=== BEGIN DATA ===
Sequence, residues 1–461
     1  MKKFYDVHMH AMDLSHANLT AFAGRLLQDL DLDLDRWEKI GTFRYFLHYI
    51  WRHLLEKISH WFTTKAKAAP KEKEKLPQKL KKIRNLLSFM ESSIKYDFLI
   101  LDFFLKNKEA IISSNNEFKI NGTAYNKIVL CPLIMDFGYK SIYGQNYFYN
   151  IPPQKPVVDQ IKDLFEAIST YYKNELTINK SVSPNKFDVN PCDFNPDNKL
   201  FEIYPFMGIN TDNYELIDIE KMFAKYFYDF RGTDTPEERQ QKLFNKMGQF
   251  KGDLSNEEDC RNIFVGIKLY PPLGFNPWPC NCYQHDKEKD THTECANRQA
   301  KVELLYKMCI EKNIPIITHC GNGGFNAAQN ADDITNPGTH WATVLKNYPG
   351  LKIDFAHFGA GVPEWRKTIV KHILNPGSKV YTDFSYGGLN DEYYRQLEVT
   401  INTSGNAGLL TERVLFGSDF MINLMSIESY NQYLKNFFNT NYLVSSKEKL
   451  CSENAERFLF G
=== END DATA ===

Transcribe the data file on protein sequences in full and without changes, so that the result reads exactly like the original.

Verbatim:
Sequence, residues 1–461
     1  MKKFYDVHMH AMDLSHANLT AFAGRLLQDL DLDLDRWEKI GTFRYFLHYI
    51  WRHLLEKISH WFTTKAKAAP KEKEKLPQKL KKIRNLLSFM ESSIKYDFLI
   101  LDFFLKNKEA IISSNNEFKI NGTAYNKIVL CPLIMDFGYK SIYGQNYFYN
   151  IPPQKPVVDQ IKDLFEAIST YYKNELTINK SVSPNKFDVN PCDFNPDNKL
   201  FEIYPFMGIN TDNYELIDIE KMFAKYFYDF RGTDTPEERQ QKLFNKMGQF
   251  KGDLSNEEDC RNIFVGIKLY PPLGFNPWPC NCYQHDKEKD THTECANRQA
   301  KVELLYKMCI EKNIPIITHC GNGGFNAAQN ADDITNPGTH WATVLKNYPG
   351  LKIDFAHFGA GVPEWRKTIV KHILNPGSKV YTDFSYGGLN DEYYRQLEVT
   401  INTSGNAGLL TERVLFGSDF MINLMSIESY NQYLKNFFNT NYLVSSKEKL
   451  CSENAERFLF G